Within the grounds of the Grand Palace sits a brightly coloured temple compound which plays host to the most sacred item in Thailand. A figure of veneration and mystery, the origins of the Emerald Buddha before it arrived in Bangkok are little known but much discussed. Locally regarded as the oldest statue of Buddha in existence, ownership of this small talisman is believed to bring legitimacy, prosperity and protection to the nation.
Fastidiously carved from a single block of jade, this small emerald-green statue of Buddha sits meditatively on a golden throne atop a 9-metre pedestal within the temple complex. It is thought to date back at least to the fifteenth century, where it was discovered hidden inside a plaster Buddha in Chieng Rai province.
The Emerald Buddha’s current home was built in 1785 by King Rama I, when he moved the statue across the river from its previous dwelling at Wat Arun. Ornate and colourful, the temple dwarfs the statue in grandeur. Looking at the crowds of pilgrims who travel across the country to see the Buddha, however, it is clear that this seemingly modest object still inspires great reverence.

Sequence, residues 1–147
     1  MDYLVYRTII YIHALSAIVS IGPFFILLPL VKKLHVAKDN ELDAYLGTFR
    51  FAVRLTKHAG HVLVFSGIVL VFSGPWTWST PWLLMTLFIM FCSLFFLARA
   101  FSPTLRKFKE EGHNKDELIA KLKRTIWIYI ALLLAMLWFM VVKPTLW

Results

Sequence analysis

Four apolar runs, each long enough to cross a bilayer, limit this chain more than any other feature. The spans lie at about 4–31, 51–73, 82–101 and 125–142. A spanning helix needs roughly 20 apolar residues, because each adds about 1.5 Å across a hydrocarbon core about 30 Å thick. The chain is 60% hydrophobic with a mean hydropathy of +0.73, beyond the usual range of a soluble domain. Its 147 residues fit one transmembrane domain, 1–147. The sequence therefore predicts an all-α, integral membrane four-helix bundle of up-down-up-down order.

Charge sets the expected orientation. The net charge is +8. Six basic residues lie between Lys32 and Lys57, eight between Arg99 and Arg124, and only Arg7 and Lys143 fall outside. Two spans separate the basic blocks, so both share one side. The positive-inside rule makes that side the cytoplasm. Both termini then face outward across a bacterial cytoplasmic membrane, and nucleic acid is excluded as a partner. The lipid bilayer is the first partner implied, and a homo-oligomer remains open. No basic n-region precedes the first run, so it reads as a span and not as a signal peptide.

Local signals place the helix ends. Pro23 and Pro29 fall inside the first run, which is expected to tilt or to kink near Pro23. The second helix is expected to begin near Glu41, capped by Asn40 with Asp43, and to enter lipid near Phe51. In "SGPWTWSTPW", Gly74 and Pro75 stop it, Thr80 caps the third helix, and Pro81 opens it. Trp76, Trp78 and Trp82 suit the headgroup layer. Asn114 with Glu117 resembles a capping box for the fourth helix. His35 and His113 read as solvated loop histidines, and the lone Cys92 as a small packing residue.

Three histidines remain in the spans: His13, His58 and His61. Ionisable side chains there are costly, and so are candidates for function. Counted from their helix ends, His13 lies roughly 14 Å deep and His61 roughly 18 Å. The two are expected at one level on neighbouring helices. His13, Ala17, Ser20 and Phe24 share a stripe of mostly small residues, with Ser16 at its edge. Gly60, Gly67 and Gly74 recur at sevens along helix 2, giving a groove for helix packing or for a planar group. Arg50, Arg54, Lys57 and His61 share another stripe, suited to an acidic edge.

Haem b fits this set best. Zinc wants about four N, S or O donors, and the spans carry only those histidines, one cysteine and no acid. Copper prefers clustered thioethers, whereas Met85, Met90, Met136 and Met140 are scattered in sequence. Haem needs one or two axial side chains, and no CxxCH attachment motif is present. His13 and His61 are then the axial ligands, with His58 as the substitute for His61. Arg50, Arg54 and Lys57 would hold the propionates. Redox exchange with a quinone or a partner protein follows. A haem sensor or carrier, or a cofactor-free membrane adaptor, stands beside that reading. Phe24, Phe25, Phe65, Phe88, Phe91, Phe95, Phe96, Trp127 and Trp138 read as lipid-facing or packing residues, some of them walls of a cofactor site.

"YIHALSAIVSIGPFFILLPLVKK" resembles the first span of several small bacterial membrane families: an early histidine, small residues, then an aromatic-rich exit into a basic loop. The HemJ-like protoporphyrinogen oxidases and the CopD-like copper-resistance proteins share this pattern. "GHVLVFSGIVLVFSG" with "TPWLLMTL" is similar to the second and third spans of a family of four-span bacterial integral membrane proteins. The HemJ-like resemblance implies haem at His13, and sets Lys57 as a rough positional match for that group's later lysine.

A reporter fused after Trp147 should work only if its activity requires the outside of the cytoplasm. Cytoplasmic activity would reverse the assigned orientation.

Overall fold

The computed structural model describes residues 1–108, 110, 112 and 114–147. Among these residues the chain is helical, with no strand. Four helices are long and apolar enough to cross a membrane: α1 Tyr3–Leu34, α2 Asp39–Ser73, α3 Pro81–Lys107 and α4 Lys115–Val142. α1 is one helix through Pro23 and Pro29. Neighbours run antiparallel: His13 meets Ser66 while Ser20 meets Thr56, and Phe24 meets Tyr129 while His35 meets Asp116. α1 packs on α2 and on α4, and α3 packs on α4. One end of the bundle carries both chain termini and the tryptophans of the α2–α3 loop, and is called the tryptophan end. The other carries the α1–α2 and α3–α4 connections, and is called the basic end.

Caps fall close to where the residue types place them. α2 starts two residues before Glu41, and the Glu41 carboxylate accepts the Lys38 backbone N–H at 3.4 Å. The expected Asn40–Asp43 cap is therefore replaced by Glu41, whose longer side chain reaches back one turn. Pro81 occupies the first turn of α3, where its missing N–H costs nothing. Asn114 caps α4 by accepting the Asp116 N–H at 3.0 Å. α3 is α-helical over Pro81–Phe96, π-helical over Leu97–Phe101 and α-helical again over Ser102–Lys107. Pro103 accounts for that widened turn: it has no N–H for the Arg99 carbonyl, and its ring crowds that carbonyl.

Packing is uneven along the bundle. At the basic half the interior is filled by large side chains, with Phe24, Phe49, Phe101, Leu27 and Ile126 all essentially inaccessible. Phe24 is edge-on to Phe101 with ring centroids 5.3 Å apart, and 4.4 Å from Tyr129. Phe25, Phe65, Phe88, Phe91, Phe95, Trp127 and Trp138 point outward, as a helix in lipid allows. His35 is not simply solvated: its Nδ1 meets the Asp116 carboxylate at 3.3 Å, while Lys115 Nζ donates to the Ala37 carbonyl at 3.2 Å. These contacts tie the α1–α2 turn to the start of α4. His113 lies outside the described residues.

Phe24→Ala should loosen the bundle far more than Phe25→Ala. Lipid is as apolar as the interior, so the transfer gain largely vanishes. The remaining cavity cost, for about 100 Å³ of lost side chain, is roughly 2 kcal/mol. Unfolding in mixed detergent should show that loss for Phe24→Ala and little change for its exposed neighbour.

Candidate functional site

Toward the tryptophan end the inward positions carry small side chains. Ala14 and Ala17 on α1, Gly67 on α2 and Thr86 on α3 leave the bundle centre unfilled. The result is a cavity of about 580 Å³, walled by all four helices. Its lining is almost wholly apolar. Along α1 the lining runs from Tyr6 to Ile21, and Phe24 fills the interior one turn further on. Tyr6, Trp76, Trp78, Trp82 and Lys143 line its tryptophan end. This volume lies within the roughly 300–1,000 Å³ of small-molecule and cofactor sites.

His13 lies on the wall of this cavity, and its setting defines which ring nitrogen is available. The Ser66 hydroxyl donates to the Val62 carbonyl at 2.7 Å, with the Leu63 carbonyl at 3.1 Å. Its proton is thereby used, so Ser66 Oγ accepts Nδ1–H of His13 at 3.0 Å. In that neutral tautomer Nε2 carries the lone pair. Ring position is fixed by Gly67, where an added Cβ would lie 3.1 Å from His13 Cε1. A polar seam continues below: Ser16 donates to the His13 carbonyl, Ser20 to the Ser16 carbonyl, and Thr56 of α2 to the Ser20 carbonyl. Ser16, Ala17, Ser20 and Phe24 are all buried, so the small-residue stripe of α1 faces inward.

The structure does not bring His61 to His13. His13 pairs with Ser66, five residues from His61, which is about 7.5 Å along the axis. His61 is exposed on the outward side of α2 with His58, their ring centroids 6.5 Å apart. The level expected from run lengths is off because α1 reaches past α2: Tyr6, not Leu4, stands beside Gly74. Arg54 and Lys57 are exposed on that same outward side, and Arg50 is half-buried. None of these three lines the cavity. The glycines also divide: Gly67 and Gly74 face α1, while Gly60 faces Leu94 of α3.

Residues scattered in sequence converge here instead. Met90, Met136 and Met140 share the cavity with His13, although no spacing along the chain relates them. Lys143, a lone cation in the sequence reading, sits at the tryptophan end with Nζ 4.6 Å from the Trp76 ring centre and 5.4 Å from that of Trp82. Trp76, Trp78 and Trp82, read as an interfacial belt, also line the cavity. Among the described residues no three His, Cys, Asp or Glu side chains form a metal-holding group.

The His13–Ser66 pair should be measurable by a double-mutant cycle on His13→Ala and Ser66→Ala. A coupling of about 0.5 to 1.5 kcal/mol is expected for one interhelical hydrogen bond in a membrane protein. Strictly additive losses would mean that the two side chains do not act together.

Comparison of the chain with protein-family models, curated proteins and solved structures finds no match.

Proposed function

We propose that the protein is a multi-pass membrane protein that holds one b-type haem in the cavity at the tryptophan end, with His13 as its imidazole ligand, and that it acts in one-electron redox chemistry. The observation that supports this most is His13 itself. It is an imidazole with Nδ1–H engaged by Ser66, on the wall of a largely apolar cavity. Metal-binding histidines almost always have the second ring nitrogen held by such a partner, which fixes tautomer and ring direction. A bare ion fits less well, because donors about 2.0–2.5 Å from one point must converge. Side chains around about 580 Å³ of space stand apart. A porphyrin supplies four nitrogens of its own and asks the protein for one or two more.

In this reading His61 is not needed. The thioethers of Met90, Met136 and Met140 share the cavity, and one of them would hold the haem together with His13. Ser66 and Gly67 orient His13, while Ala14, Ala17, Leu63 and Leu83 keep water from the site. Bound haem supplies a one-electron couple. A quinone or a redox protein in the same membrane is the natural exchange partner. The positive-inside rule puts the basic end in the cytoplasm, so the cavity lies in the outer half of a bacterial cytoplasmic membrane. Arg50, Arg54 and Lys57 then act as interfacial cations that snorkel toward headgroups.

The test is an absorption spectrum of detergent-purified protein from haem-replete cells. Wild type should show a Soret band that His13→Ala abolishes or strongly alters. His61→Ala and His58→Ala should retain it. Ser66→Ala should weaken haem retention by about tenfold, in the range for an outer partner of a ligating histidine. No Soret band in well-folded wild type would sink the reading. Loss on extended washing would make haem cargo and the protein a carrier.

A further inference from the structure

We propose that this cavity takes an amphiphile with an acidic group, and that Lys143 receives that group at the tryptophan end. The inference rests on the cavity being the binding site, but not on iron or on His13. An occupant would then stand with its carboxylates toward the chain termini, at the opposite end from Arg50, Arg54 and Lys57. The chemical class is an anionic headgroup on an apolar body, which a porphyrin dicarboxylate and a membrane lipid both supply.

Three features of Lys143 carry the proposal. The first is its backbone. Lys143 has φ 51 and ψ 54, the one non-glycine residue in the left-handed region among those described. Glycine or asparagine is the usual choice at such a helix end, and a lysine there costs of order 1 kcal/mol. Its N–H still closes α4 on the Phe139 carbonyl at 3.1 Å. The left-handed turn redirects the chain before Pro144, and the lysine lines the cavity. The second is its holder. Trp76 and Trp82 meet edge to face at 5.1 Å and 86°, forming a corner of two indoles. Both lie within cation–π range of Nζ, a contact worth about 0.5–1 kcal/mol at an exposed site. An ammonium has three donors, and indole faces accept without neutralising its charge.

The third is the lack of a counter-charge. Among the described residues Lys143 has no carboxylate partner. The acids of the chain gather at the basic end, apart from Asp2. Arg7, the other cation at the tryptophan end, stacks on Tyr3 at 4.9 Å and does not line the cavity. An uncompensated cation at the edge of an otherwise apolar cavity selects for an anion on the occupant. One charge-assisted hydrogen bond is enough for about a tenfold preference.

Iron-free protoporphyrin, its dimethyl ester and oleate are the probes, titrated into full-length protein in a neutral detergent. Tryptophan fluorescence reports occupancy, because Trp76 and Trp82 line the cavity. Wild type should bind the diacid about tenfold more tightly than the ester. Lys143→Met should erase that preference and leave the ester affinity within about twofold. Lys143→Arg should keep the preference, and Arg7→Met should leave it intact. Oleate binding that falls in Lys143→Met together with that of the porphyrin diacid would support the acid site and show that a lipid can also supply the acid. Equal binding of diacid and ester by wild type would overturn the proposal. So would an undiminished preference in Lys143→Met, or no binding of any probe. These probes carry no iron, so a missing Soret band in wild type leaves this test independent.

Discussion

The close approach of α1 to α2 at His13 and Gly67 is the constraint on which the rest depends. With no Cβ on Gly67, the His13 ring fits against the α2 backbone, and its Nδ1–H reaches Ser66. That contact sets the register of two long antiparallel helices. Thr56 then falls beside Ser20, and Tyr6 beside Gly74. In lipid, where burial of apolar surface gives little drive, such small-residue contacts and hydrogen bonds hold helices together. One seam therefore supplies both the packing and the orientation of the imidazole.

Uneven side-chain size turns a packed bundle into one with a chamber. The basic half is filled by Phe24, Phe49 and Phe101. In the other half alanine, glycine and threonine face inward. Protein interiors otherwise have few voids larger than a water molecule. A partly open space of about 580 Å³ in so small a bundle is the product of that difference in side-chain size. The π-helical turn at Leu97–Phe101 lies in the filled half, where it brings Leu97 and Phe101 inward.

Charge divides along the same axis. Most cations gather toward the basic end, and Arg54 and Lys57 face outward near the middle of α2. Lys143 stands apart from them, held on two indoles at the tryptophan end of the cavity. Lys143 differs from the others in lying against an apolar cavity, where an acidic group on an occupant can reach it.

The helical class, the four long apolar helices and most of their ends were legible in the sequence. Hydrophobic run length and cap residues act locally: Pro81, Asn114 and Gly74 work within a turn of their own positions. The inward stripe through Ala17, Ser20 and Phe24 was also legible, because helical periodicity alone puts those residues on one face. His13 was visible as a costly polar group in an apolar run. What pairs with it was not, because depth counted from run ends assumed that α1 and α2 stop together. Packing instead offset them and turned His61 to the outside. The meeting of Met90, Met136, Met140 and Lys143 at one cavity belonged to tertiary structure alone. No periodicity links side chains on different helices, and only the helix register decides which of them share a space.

The statue is so sacred that only the King is allowed to touch it. Three times a year, he is charged with the ceremonial changing of the Buddha’s clothing to coincide with the changing seasons.
It is worth setting aside some time to look round the Temple as it houses more than just the Buddha statue. On the balcony, overseen by the colourful guardians on the entrance, you will find a series of murals depicting the Ramayana legend as told by the poet Valmika. Elsewhere, a model of the Angkor Wat temple complex in Cambodia marks the Buddha statue’s sojourn there during the reign of the Siamese.
The Grand Palace and the Temple are open every day and can easily be reached by ferry or taxi. Aim to arrive early as they don’t stay open beyond the middle of the afternoon and be sure to dress appropriately, covering your legs, arms and feet.